The author of Native Son paired with three photographers in the 1930s to chronicle black life in America and this book was the result--a vivid portrait of African-American life, from sharecroppers in Mississippi to storefront churches in Harlem. Reprint.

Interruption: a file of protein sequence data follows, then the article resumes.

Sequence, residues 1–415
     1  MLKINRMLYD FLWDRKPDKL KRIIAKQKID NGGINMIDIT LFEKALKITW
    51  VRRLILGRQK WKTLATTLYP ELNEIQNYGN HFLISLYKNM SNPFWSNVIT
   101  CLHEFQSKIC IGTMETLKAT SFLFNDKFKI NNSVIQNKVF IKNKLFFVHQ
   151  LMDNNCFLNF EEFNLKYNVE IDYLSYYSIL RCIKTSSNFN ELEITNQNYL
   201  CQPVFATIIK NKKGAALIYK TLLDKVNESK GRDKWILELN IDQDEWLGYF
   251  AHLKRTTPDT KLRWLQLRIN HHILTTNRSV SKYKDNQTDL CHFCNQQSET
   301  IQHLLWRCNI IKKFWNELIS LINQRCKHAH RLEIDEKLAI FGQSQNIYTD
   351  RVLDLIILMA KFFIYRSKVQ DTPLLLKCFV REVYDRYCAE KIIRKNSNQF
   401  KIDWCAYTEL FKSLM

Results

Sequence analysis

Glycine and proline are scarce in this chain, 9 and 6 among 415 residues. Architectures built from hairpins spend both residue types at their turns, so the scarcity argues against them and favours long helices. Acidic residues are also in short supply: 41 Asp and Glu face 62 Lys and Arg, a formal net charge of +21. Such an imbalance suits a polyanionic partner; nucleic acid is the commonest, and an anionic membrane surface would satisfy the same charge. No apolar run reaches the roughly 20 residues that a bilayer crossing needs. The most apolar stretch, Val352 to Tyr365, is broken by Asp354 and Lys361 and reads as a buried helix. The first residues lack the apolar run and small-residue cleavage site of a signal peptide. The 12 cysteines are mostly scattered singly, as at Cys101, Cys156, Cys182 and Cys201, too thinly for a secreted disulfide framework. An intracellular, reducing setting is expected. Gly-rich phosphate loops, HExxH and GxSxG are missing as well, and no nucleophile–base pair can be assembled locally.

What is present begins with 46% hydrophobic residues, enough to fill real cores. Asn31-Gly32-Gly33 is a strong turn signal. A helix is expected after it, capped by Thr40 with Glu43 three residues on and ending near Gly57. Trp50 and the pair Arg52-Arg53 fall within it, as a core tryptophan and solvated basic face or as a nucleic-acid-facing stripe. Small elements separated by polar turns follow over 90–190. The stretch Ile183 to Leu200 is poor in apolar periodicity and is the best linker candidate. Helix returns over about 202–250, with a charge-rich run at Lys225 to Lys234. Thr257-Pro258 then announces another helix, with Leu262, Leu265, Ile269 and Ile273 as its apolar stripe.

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12 Million Black Voices, first published in 1941, combines Wright's prose with startling photographs selected by Edwin Rosskam from the Security Farm Administration files compiled during the Great Depression. The photographs include works by such giants as Walker Evans, Dorothea Lange, and Arthur Rothstein. From crowded, rundown farm shacks to Harlem storefront churches, the photos depict the lives of black people in 1930s America—their misery and weariness under rural poverty, their spiritual strength, and their lives in northern ghettos. Wright's accompanying text eloquently narrates the story of these 90 pictures and delivers a powerful commentary on the origins and history of black oppression in this country. Also included are new prefaces by Douglas Brinkley, Noel Ignatiev, and Michael Eric Dyson. "Among all the works of Wright, 12 Million Black Voices stands out as a work of poetry, ... passion, ... and of love."—David Bradley "A more eloquent statement of its kind could hardly have been devised."—The New York Times Book Review